This is a best prospect industry sector for this country. Includes a market overview and trade data.
Moldova’s energy sector relies heavily on imports of electricity and gas. The country produces only about 20 percent of its annual electricity consumption from natural gas-fired combined heat and electricity power plants. Moldova has one hydropower plant, the Costesti Hydropower Plant. Moldavskaya GRES (MGRES) in the separatist region of Transnistria supplies the vast majority of the remaining 80 percent of electricity. Moldova also imports electricity from Ukraine. Moldova’s natural gas consumption almost exclusively relies on Russian gas imports. MGRES converts Russian gas into electricity for sale to the right bank.
Moldova has committed to implement reforms embedded within the European Union’s Third Energy Package, a suite of legislation adopted in 2009 aimed at creating integrated and competitive energy markets for natural gas and electricity. As part of the reforms, Moldova restructured and partially privatized its electricity distribution network, including Premier Energy, a private company that controls 70 percent of the country’s electric distribution grid. The government plans to privatize the remaining state-owned electric distribution companies, RED Nord S.A., and the electric power supply company, FEE Nord S.A.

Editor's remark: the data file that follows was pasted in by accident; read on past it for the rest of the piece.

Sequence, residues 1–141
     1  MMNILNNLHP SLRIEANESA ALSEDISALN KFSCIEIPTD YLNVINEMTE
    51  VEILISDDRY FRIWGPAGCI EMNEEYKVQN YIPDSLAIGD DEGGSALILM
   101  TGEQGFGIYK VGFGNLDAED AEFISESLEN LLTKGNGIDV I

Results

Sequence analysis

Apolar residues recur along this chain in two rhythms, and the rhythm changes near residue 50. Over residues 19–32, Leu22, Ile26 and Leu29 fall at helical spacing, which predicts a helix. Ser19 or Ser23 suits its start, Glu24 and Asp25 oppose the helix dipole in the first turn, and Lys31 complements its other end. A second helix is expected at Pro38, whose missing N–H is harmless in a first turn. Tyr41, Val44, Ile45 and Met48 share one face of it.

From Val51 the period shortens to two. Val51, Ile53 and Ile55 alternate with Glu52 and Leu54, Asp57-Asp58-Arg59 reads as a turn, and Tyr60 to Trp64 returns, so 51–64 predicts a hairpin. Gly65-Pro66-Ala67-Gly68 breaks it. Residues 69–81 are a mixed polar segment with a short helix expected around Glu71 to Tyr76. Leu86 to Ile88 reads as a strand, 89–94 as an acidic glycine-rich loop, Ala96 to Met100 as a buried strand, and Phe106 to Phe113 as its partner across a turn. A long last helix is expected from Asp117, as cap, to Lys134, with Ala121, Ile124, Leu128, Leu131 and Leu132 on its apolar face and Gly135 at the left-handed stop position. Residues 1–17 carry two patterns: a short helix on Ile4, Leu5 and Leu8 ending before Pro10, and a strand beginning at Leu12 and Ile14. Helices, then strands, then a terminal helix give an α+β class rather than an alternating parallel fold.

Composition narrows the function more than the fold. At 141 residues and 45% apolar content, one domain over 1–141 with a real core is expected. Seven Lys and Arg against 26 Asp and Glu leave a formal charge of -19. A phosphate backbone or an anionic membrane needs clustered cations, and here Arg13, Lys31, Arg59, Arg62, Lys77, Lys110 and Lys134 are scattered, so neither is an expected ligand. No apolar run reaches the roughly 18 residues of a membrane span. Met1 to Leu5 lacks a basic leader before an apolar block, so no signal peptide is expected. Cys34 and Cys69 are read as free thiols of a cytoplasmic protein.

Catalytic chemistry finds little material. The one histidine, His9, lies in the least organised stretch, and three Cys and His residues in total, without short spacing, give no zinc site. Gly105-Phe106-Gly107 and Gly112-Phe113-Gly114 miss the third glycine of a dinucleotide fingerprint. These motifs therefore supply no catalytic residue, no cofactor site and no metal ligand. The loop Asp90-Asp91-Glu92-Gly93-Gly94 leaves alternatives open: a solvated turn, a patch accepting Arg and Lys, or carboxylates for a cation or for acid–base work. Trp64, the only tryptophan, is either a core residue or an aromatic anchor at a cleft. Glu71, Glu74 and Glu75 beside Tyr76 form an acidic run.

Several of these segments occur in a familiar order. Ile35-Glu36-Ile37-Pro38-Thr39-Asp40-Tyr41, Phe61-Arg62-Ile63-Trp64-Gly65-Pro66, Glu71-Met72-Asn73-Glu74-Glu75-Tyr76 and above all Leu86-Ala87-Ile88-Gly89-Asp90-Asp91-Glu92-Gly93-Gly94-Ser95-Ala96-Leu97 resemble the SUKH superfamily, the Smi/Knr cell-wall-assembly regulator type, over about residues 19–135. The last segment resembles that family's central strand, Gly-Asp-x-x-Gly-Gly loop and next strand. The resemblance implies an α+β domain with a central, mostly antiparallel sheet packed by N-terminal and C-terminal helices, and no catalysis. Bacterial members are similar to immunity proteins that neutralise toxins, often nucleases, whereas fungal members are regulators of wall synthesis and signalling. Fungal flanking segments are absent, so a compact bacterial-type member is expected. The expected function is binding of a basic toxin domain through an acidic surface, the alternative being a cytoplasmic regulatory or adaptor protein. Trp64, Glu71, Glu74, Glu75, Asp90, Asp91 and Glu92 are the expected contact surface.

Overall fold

Moldova and Romania are cooperating to build an HVDC back-to-back (B2B) interconnector station, along with corresponding transmission lines, which will enable Moldova to physically connect with the Romanian grid and provide access to Romanian and, by extension, other European electricity markets. In concert with Ukraine, Moldova connected synchronously to the European Network of Transmission System Operators (ENTSO-E) on March 16, 2022.
Moldova continues to progress toward unbundling Moldovagaz, the vertically integrated natural gas monopoly, to comply with Third Energy Package requirements. Romania’s Transgaz completed the Ungheni-Chisinau Pipeline in 2021. This allows further diversification of Moldova’s gas supply. The first gas supplies from alternative sources were made in October 2021.
The government is also exploring opportunities to enable commercial natural gas trade via “reverse flow” (both physical and virtual) through the Trans-Balkan pipeline on Moldovan territory, which could also position the country as a transit hub.
Energy efficiency; gas and electricity trade; gas storage; renewable energy - wind energy, solar energy, and biofuels.
Energy security is a priority for Moldova. High-voltage interconnections between Moldova and Romania require the installation of a back-to-back station. International financial institutions, including the World Bank, the European Bank for Reconstruction and Development (EBRD), and the European Investment Bank (EIB) finance the majority of these projects. Further infrastructure investment and upgrades will be required for synchronous connection with Moldova and Ukraine to ENSTO-E. There is also potential for support from the Development Finance Corporation.
Implementation of the Third Energy Package in the gas sector will provide opportunities for natural gas supply and trade from alternative sources from Western Europe or neighboring Romania and Ukraine. Rising energy prices and Moldova’s efforts to diversify it’s gas and electricity sources provide an opportunity for traders to supply energy from alternative sources.
The government plans to diversify the energy mix with more renewable energy by supporting large renewable energy projects based on competitive procurement.
There are plans to privatize a number of energy assets in the following years, including the electricity distribution companies RED Nord S.A.
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